BattleTech: Mech Overview: Horned Owl/Peregrine

Howdy, Star Colonels, and welcome to Mech Overview. This week we are taking a look at the Horned Owl, also known as the Peregrine (bird connotation), not to be confused with the Perigrin (author connotation). It is also frequently referred to as a Zaku, at least locally, because, look at it.

Wolf’s Dragoons Gamma Regiment Horned Owl. Credit: Jack Hunter

This is a Zaku. I don’t even watch Gundam and I was able to pick out immediately that this is, in fact, a Zaku. It is apparently noted in universe for being unusual looking and pretty non-threatening in appearance with all of those rounded plates and small weapons. It looks like a big round friend and it is absolutely not the iron right fist of the horrific state apparatus of the Clans. I mean look at him, he is so friendly, couldn’t hurt a fly. Mr. Horned Owl is here to help and probably like, bond with a teenager in a heartwarming tale of transcending your nature as a war machine and embracing peace and humanity.

Or it’ll open the fuck up because beneath the bubbly shapes and disarming appearance this is one mean bastard of a BattleMech, one of the scariest light mechs in the game and a genuine 1v1 threat to nearly every other mech in the game if piloted well. I have personally seen one of these 1v1 a King Crab and win. It is an insanely dangerous mech. Over the last few months of regularly using it, the Horned Owl has consistently outperformed and outpaced mechs three times as big as it in my games. The sheer threat coming out of Mr. Owl cannot be overstated. So let’s talk some stats.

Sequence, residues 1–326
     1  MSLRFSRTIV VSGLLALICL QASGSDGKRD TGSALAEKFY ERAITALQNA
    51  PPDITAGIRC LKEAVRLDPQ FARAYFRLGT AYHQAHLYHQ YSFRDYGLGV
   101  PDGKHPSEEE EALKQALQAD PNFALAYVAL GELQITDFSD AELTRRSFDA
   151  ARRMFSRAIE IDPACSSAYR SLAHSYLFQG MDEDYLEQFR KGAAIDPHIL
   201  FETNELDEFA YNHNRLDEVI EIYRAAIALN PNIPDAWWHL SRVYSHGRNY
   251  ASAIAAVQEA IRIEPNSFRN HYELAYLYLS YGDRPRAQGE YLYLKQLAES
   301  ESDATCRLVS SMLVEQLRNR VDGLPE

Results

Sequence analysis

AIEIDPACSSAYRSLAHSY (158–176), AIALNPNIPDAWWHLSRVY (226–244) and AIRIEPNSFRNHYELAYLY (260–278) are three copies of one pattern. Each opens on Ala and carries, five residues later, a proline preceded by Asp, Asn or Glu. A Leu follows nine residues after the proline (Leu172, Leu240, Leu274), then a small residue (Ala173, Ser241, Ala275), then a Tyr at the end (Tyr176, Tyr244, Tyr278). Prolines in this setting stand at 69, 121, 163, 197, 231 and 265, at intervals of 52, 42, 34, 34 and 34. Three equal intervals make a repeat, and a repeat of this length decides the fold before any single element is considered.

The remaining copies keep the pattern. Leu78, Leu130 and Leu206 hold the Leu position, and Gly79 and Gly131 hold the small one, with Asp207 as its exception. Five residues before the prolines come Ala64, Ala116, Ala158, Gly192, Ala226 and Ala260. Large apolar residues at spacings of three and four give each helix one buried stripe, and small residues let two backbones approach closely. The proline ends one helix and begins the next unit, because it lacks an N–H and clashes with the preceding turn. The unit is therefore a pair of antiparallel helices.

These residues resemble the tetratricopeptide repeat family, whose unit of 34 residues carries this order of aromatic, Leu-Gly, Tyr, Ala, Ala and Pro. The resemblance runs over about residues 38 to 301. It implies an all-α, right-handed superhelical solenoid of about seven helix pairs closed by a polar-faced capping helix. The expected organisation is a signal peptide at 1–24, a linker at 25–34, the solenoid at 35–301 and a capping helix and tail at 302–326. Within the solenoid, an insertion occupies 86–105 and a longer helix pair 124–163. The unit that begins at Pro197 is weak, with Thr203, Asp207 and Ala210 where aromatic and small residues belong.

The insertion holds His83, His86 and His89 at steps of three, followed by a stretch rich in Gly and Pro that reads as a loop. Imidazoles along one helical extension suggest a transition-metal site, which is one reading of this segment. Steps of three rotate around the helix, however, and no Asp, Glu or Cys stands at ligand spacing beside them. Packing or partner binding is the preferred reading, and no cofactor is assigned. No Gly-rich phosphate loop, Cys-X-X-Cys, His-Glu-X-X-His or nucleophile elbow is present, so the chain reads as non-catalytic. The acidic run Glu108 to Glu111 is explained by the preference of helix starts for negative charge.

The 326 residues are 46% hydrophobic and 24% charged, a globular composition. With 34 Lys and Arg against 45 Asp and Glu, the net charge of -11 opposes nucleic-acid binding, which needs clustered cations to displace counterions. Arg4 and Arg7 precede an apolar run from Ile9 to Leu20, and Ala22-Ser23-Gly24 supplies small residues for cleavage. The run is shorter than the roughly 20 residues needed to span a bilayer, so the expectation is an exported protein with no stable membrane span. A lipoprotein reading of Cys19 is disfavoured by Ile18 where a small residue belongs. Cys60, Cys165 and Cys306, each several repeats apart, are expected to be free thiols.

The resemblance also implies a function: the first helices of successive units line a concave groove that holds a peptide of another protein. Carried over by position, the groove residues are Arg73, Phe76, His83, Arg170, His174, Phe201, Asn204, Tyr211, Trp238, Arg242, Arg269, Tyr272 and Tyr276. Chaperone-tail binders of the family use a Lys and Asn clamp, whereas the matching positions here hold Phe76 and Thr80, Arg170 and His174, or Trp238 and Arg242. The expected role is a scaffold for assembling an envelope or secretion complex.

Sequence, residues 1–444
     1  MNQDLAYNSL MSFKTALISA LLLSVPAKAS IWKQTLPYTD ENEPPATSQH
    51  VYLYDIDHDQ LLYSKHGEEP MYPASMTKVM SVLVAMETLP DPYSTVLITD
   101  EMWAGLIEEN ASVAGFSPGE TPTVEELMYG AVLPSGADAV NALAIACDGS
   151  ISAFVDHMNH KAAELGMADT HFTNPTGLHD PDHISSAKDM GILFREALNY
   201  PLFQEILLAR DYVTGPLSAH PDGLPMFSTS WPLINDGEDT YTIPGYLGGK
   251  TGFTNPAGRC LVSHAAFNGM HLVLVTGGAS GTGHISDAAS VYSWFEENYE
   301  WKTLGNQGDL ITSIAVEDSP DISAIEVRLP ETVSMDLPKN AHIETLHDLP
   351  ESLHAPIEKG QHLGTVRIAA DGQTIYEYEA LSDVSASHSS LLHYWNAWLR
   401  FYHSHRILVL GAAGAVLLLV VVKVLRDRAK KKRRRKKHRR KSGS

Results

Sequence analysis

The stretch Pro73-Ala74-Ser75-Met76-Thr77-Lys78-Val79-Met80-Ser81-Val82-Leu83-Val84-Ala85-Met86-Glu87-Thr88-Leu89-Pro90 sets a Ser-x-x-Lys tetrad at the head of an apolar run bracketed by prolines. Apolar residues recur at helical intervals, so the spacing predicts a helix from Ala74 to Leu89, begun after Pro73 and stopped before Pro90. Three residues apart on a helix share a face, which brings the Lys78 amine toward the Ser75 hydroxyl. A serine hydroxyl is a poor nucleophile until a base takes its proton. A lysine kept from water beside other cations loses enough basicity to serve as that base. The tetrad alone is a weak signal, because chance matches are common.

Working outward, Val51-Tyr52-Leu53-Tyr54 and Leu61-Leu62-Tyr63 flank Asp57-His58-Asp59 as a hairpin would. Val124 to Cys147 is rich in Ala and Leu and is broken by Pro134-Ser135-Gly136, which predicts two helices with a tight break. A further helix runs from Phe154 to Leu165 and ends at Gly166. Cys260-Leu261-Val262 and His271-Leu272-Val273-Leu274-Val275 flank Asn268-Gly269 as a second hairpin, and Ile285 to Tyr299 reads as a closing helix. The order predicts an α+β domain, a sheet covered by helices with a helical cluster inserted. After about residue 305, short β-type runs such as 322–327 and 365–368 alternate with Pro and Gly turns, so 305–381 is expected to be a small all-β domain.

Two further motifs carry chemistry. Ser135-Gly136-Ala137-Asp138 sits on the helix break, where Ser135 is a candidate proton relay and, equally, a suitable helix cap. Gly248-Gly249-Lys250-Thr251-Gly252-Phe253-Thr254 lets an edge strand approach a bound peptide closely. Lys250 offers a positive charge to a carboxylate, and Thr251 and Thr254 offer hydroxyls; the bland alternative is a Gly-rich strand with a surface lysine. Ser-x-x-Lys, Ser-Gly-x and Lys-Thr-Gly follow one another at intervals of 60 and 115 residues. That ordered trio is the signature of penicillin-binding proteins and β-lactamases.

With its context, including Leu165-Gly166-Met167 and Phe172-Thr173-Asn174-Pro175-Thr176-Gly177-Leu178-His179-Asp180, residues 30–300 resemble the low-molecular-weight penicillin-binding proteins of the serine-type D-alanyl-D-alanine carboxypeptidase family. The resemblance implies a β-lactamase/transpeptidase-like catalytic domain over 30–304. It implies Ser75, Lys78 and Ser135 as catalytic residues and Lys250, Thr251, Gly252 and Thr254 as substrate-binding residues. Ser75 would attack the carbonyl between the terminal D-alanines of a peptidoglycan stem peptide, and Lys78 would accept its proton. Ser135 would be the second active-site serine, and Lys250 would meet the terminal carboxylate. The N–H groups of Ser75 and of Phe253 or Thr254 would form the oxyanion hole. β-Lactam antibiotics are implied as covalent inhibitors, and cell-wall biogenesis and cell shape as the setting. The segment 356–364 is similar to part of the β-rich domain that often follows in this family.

The Horned Owl is 35 tons of violence, sharing a weight range with the Jenner, Panther, and Adder. 35 tonners can be deceptively powerful if used right. The Horned Owl is not an OmniMech, so each variant can make major structural changes to the mech. The identity of the Horned Owl in general is as a light mech hunter and duelist, being great in 1v1s against anything slower or lighter than it. It is one of the first generation of second line Clan mechs, along with most of the Striker Star that it comes in. This first generation is chock-full of incredibly high quality mechs that are tournament threats to this day, so it is peers with a lot of the absolute best mechs in the game.